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Sep 27, 2012

Bi-national cooperation with Guatemala can fix Chiquibul problems

Raphael Manzanero

The illegal activities will not be easily deterred since Belize shares over forty kilometers of border with Guatemala and there are sixty-eight communities on the other side. But Raphael Manzanero believes it can be done through bi-national cooperation with Guatemala on an official level, since the FCD, as an NGO, is constrained. That is among several recommendations included in the report; another is the formation of an Inter-institutional Committee to plan and implement interventions in the Chiquibul.


Raphael Manzanero

“The Ministry of Forestry, Fisheries and Sustainable Development, we feel are pretty much the main entity that should lead an effort like this. I would expect that by the next couple of weeks, we can really start to organize this inter-institutional committee through that ministry. And looking at it, it certainly can mobilize resources and efforts, looking at interventions to deal with this particular matter. There are more recommendations of course. One of the other recommendations is really to do a synchronicity of the different agencies of government that deal with law enforcement. We need to change our tactics. We need also for the law enforcement agencies to be much better on how to take evidence and how to prosecute people. Because at the end of the day, we have come several loggers and if you ask us how many do we have in prison, it’s only a few. And we certainly believe that we need to do better on this. We believe that you know we need really to be much better in getting the evidence and processing people in court; that’s where we need to be more strong. I think to a large extent, with all the efforts on the ground, with all the risks being taken, eventually they do not end up in prison. We believe that is the strong deterrents that are actually required. Apart from them actually losing the timbers, apart from them actually losing their chainsaws, we believe that we need to demonstrate that we are much better in upholding the law. We are really extremely concerned and we would hope that people are able to appreciate that this thing is not really a simple little problem, this thing is really a major problem and we really need to look at it at a much more determined level and to be much more bold in terms of putting interventions in place.”


Another recommendation is that further assessments need to be done, because there are hot spots the FCD team could not access in the recent study.

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13 Responses for “Bi-national cooperation with Guatemala can fix Chiquibul problems”

  1. Storm says:

    Do you see a problem? It’s like asking the alligator to guard your children in the swimming pool.

    Guatemala’s OFFICIAL GOVERNMENT POLICY is to absorb Belize — in their eyes, WE ARE THE SQUATTERS.

    The quick and inexpensive answer is to train and arm our villagers, maybe even pay them a small stipend for patrolling the border and defending it. If they find a problem, they can radio to bring in the cavalry — that is, a BDF unit.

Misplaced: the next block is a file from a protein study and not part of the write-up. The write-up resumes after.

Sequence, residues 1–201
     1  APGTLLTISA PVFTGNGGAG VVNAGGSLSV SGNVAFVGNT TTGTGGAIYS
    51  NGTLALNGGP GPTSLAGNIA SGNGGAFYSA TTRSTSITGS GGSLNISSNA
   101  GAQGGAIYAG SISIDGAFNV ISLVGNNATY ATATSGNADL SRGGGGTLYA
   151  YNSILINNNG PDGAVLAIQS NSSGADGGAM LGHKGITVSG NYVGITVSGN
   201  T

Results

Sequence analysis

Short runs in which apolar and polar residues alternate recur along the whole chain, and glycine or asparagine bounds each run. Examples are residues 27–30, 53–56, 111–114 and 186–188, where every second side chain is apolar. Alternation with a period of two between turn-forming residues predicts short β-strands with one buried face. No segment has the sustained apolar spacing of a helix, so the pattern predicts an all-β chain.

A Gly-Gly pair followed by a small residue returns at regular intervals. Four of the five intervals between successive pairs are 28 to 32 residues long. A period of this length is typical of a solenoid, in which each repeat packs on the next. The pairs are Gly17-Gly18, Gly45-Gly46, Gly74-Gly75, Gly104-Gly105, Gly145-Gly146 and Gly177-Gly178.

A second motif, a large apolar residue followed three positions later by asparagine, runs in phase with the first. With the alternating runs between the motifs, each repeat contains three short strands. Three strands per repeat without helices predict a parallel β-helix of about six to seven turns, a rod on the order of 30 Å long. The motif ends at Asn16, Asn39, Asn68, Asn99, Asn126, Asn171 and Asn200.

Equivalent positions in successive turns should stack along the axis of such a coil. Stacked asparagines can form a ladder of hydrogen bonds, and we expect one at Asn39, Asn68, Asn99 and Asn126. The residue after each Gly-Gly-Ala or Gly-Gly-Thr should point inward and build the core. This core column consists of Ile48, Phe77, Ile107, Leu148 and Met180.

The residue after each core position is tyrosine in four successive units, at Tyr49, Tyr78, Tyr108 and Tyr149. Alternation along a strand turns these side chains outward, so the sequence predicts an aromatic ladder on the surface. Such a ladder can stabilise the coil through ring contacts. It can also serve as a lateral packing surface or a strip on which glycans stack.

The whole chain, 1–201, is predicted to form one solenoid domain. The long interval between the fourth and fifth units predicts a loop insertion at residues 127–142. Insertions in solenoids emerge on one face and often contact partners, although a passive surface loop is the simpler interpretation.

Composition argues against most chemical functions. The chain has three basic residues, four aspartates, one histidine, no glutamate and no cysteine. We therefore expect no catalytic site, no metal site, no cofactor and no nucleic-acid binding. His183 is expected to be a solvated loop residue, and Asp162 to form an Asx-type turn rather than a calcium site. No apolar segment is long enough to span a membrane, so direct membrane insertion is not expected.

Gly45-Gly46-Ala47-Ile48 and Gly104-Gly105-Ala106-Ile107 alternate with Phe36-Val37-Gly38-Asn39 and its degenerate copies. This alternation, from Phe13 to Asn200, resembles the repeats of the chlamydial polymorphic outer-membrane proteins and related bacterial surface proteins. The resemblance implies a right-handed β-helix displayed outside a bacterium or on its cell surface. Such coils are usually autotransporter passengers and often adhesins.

2. Uncle Benji says:

    Ask Belizeans why they object being part of Guatemala, and we do not have a lucid answer. Older Belizeans (especially the Obamalites) will approach the idea of being part of Guatemala as treason like. Well it is not treason. It is 2020 economics.

    Take a look at what is happenning in Chiquibul. Belizean authorities are helpless and afraid. We are afraid to arrest, hurt, shoot or maim a Guatemalan citizen for fear of retaliation by the Guatemalan army. It would be a fight that we would not win.

    Now the forestry people are toying with the idea of perhaps bi national cooperation could help with Chiquibul problems. That is another way of saying, if we were part of Guatemala, thier army would stop the poaching. Let’s think about being part of Guatemala.

    Queen Elizabeth, The Vatican, The USA, Israel, Hugo Chavez, Benque Viejo residents, residents of Belmopan, Alejandro Vernon and Punta Gorda, Uncle Benji and thousands of people support the idea of Belize being part of Guatemala.

    Simple as that.

  3. BZ DAPPA says:

    !-@12YMALA wants to own it simple.

  4. surgery14E says:

    Uncle Benji, if you like the Guats so much, why don’t you just move there?

  5. Vuk says:

    The predicament of Belizean government is that the state of the economy is making it impossible to assert Belize’s sovereignty in the face of this unwarranted aggression from the Guats by having an adequate number of troops that could have a chance of repulsing a military intervention.

    So I’ve suggested and will continue to suggest that, since Belize is in bad economic straits, it should try its hardest to obtain military aid from a capable and friendly country for its forces until it can support them out from its own financial means.

    With military aid, Belize would be capable to swiftly bolster its forces to at least 35,340 soldiers*, which, in turn, would immediately improve the unemployment rate, consolidate Belizean sovereignty and turn the situation of the Chiqibul around.

    It would also help the situation of illegal immigration because illegal aliens would have a harder time entering our territory of there was a dramatic increase in BDF patrols along the western border.

    While I like Storm’s idea of arming the villagers near the border, I can’t accept it as it being a local phenomenon wouldn’t be conductive to the further development of Belizean patriotism.

    Instead, I would suggest the organisation of a part-time militia that would enable patriotic youth and adults to volunteer one day of their time with the usage of Storm’s suggestion of stipends as an incentive that would serve as compensation.

    It would enhance the BDF’s capacity for national defence, build Belizean patriotism and, best of all, it’s something that can entirely financed by the government.*

    * I say that because, if the government can give the gangsters that are ruining the country a stipend, then it can finance a part-time militia to defend our territory.

  6. Vuk says: